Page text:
One thing I think I'm going to try is one of the Stewmac slotted unbleached bone nuts intended for a Gibson seems to have the right length and string spread (the 6013-VS). However it is too high. My thought is to start with this and file down the height. Thought I'd start with this approach first and see how it turns out.

Steve
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Old October 11th, 2012, 01:56 PM   #6 (permalink)
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A common solution for nut files is to file "teeth" onto a set of feeler gauges.

I've used a welding torch tip cleaner with good results. Its slow going though.



If it were me, I'd make a template off of the neck and cut the pocket bigger with a router. But if you don't want to route the body, one forum member recently used a piece of sandpaper taped to a piece of angle iron as a sanding jig to thin the sides of the heel slightly.

But you might measure your parts first, and contact Grizzly with the measurements and see if they can help you as far as refund/replacement.
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Old October 11th, 2012, 02:10 PM   #7 (permalink)
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Quote:
Originally Posted by Jonesamp View Post
So to make my own nut, for nut files, would Item 3062 from Stewmac do for my purposes (Link),
No those won't work. And you can get a set of them from Harbor Freight for $3 if you find them on sale. I have 2 sets of them, they do have their uses. I just ponied up and bought some proper files. Whether you use a preslotted nut or not, you will need to do some filing.

(I posted the following in threads before, YMMV, hope this helps):
I've used plastic, micarta, tusq, bone, and graphtec. I can't tell a difference between any of them. I don't know why so many people worry about the nut. If you screw it up, just cut another one. The nut is no big deal if you have the files/tools to do them. String spacing always gets me though. A tiny bit of error at the nut makes a noticeable difference down where you pick.

I have 3 stew mac files, a 0.010, a 0.020, and a 0.035. I also have their slotted saws (.010. .015 .020 .025 and .030). As it is, I get the slots I need using the files, the saws and a 3.99 needle file set from Harbor Freight. I'd like .050 and a .013 file, someday I'll get around to ordering them. For now, for a set of EB Regular Slinky, I'll do something like this:

e (.010)- Rock the .010 slot back and forth, or use the .015 saw. Or both.
B- (.013) - .015 fret saw. Wiggle the .010 file around in the slot to round out the bottom.
G (.017) - .020 File. It's the perfect size.
D (.026) - .030 Fret Saw. Wiggle the .020 file around in the slot to round the bottom.The edge of one of the triangular needle files can work too to round out the bottom.
A (0.36) - .035 file. Wiggle it around a little for some extra clearance.
E (.046) - .035 file to start, and whichever edge on one of the needle files seems a tad wider than the string.

I get the strings close to the line (which I drew by laying a sanded-flat half a pencil on the frets and drawing a line on the nut). Then I just play around until I get a feel I like. For me, I fret an Am chord with moderate pressure. If one of the strings doesn't ring out, I file the groove a tad. I like to set the e B G strings a hair lower than the EAD. It's personal preference, but I think you can go a little lower on e B G without rattle than you can on EAD. I set the action with a nickel, so by the time you get down to where you are picking, you don't even notice the height difference. I don't at least. But then I'm a lousy player.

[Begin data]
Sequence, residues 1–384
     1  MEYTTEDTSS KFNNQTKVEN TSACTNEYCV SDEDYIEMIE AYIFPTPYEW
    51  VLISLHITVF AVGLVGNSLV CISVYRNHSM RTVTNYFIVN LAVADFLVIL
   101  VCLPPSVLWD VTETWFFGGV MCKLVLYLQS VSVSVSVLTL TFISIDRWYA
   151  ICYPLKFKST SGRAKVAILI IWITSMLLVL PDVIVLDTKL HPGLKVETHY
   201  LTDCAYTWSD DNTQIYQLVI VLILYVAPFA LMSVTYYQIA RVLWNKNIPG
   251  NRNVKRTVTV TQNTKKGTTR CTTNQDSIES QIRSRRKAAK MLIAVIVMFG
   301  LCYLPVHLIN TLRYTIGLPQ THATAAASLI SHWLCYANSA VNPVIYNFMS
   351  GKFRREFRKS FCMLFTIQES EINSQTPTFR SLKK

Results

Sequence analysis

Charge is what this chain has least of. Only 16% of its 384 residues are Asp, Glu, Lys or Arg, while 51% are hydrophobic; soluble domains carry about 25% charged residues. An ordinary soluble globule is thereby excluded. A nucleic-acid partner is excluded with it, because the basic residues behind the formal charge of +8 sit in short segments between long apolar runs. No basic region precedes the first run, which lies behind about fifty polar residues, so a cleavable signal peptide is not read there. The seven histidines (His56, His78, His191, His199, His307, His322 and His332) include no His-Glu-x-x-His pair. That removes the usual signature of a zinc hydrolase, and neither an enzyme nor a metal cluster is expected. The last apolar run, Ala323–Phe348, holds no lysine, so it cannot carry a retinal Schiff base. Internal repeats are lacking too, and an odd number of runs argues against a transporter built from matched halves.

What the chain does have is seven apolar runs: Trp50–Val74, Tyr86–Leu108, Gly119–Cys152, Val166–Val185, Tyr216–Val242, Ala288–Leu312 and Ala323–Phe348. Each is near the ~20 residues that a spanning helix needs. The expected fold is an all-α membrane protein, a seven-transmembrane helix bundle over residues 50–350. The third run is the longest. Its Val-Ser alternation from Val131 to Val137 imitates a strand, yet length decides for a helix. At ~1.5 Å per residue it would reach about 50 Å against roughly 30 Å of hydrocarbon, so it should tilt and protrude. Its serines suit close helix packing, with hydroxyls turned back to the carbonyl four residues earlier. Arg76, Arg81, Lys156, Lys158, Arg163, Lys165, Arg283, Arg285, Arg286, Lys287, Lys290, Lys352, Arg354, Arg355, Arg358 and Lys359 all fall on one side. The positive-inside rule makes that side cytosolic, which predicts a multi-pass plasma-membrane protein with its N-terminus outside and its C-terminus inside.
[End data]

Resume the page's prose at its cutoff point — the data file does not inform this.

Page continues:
As for the E, A, D strings, I just go till there's .010 clearance at fret 1 when I press the strings at fret 3 and call it good enough. A 1.99 Harbor Freight feeler gauge set gets the job done, here.
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Old October 11th, 2012, 03:16 PM   #8 (permalink)
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I tried the wipe on poly. Didn't like it. Stripped it. Refinished with Nitrocellulose lacquer.
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Old October 11th, 2012, 03:22 PM   #9 (permalink)
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Corian is what I used for a nut material on a recent project. Cut it out into blanks on the bandsaw, a 2" square sample will do plenty of nuts. You could probably go to a countertop place or a "home improvement" store and they'd give you a sample piece or an offcut. Or you can order samples directly from DuPont for something like 2 bucks.

Comes in any color you want as well.

I file the slot until it just holds a Fender Thin pick in place between the string and the first fret, when you hold the string at the third fret.
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Old October 11th, 2012, 09:05 PM   #10 (permalink)
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For the Strat kit my son and I built from Grizzly, the neck fit the pocket, but later we decided the finish could be better on it. Sanded it off and wiped on several coats of Tru Oil then killed the gloss on the backside of the neck with some 0000 steel wool. Amazing difference in looks and feel.

I say all this to support sanding the neck to fit the pocket, then sand the rest of the neck, too, and re-finish with Tru-Oil. Easy to apply, and much, much faster feel with steel-wooled back. Regarding the fret markers, unless it's really really bad, I think I'd live with it. You could mask adjacent frets and sand with narrow stick, but to get an even result, you'd have to do all the spaces between frets, not just the ones with markers, then refinish. The one good thing about that awful, tedius job would be that the whole neck could then be Tru-Oiled.